trip recap: biarritz, france – part three
I’m back with round three of my trip recap of Biarritz, France. If you are just hopping aboard this adventure, definitely check out parts one and two so you don’t miss out on the previous shenanigans.
Thursday morning we woke up bright-eyed and bushy-tailed. Mr. B had coaxed my Uncle Michael and I the night before into touring coastal towns on scooters. I hate when giggle juice makes deals behind my back.
But before things got sporty, we decided to eat an almost “American” breakfast to start the day off on the right foot. The only place open at 8am was a little cafe down the street that served what they called an English breakfast. This is a hodge-podge of scrambled eggs, Canadian bacon, toast, salad, and weird sausage links.
With our stomachs full, we three scooter-tiers gathered in the parking lot/roundabout outside the apartment. Mr. B gave us the ins, outs, and what-have you’s about riding a scooter. A quick side note, my uncle has never driven a car. He grew up in NYC and didn’t learn, so the man had zero awareness of traffic laws. Just saying that sentence should have been a red flag to 86 the scooters and head to the beach. But! We pressed on.
Now, Mr. B being the clever gent he is, decided to make Micheal and I practice laps around the roundabout to see if we could drive these scooters without falling over. The first 20 yards were EFFFING scary. Micheal and I kept looking at each other….”like we are going to die today.” But after twenty minutes of touch and go, everything clicked. Phew.
With our confidence boosted, Mr. B thought we should begin our tour. Mr. B led this caravan, Micheal in the middle, and I was cleanup. We made it out of the parking lot and into a main street. Thankfully, it was early so there was hardly any traffic. We decided to go a little ways down to the Cote de Basque and do a temperature to check to see how we all felt. Besides yours truly grabbing the throttle instead of the brake and almost crashing into a sidewalk cafe, we were good to go!
The first stop on our coastal tour was Bidart. Bidart is about 15 minutes south of Biarritz. This small cliff-top basque village is known for their houses of painted white and red roofs. We stopped at one of the famous chapels, St. Magdalene, which was built in 1817 and is rumored to have sailors buried behind the doors.
However, besides the rich history, you come for the views in Bidart. Just look at the beautiful, majestic coast-line.
Next stop on the tour was Guetheary – a stone’s throw away from Bidart. Guethary is a very small fishing town. There are very few restaurants and hotels, so when you visit Guethary – you surf. With no public beaches, Guethary is hot spot for surfers looking to catch the waves without the crowds.
We debated the night before on whether we should head all the way to Spain on this adventure. Somewhere between the Basque mojitos and tapas, we decided to make Saint Jean de Luz our turn around point.
Saint Jean de Luz is a very famous, wealthy city just a few kilometers from the Spain border. With sea walks and promenades to keep out pirates during the monarch’s reign, the city has now become a destination for Parisans & Spaniards during the summer months. This city was once a large fishing community, but after WWII, the city now relies on tourism to make it’s scrilla’.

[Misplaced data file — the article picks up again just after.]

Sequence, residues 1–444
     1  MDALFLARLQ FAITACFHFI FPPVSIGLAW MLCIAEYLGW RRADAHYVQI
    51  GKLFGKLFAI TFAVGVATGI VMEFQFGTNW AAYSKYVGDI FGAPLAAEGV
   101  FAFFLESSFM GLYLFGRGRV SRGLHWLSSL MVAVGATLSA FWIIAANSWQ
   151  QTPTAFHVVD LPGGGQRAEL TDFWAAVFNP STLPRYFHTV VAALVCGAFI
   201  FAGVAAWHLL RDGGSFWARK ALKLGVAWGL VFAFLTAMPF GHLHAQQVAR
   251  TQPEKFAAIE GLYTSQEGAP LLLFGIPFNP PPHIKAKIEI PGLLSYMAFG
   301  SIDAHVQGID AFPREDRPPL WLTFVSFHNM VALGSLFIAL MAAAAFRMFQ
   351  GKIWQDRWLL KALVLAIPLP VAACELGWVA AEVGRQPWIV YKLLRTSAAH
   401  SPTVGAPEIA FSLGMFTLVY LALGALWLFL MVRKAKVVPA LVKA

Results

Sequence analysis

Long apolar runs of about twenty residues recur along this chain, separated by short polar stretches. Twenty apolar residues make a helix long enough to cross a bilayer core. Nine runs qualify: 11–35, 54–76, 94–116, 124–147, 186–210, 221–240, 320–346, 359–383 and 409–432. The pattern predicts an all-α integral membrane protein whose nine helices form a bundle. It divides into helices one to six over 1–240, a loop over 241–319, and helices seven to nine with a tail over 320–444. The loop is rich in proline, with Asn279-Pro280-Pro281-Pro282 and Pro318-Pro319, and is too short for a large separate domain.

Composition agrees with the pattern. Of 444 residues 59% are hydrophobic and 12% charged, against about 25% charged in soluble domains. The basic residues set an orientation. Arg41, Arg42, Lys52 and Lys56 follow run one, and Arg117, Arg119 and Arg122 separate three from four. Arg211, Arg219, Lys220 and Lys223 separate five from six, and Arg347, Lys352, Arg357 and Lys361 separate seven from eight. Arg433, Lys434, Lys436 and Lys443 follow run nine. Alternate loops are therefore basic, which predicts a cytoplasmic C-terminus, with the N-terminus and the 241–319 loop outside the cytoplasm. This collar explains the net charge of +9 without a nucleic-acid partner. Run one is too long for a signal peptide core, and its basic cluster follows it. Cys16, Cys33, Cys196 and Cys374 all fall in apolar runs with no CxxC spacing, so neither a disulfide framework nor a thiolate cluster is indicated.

One we got into town, you had to drive through about eight roundabouts to get to our destination. While navigating a couple of roundabouts, Micheal stopped in the middle against on-coming traffic and I took a wrong turn. Can you say shit show? Somehow, Mr. B was able to corral us, park our scooters, and not shank us for driving like crazy people.
We all took a moment to breathe and soak in the beauty of our surroundings before we strolled into town.
I fell in love with the city’s architecture. I didn’t know this, but apparently back in the day, your shutters on your house were painted a certain color depending on your occupation. I wonder what color a food blogger would paint? As we walked through town and eventually made it onto the boardwalk, we ordered some sandwiches followed by the most important menu item, glace. Cinnamon and rum? Yes, please!
On the way back to the scooters, we stopped inside one of France’s oldest churches, St. John Baptist. This church was built during 15th century and was the venue of the most important political marriages in history. King Louis XIV of France married Maria Theresa of Spain to end the war between Spain and France. Also, this door is where the monarchy would enter because they were considered gods. Everyone else had to use the main entrance. Sounds like something you would read about in US weekly about a celebrity getting into a club. Such drama!
To the scooters! Our final destination of the day took us to the Basque countryside and a town called, Arcangues. Things got rather interesting as we left Saint Jean du Luz and ventured toward this small town. What do you do when you have three scooters that won’t go above 30mph on a 70km freeway? You say eighteen Hail Mary’s and act like an ignorant American tourist!
How we made it safely to Arcangues is beyond me! Arcangues is a super small town that is home to the famous Spanish tenor Luis Mariano. Apparently his grave is a highlight to have your picture taken so there we were, awkwardly smiling and taking a picture in front of a famous deceased tenor.
We walked around for a few moments and snapped a few pics of this gorgeous restaurant with huge trees. Plus, you can’t beat this stone table, am I right?
And that’s a wrap. Even though we had to explain the meaning of a stoplight to my uncle, and almost ran into the side of a cafe, we had a very successful eight-hour coastal tour on our scooters!
Still more to come!! We learned how to surf, watched a rugby match, and ate our weight in ice cream….stay tuned, you don’t want to miss the grand finale- part four!